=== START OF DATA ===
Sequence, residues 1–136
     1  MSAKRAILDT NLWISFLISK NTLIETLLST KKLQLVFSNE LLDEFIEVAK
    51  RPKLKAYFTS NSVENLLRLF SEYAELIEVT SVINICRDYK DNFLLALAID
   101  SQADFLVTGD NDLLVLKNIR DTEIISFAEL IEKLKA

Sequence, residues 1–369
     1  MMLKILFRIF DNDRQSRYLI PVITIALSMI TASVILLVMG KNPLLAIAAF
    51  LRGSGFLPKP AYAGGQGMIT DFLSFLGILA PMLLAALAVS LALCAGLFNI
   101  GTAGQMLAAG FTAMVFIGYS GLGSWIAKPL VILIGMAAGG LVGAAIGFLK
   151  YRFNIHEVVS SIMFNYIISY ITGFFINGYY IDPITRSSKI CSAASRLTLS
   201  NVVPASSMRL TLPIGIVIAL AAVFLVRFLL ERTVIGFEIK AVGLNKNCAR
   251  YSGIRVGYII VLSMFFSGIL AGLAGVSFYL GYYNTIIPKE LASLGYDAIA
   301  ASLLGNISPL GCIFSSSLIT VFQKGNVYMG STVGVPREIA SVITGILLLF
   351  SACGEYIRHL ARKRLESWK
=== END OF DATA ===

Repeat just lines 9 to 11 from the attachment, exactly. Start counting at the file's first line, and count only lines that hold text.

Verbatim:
   151  YRFNIHEVVS SIMFNYIISY ITGFFINGYY IDPITRSSKI CSAASRLTLS
   201  NVVPASSMRL TLPIGIVIAL AAVFLVRFLL ERTVIGFEIK AVGLNKNCAR
   251  YSGIRVGYII VLSMFFSGIL AGLAGVSFYL GYYNTIIPKE LASLGYDAIA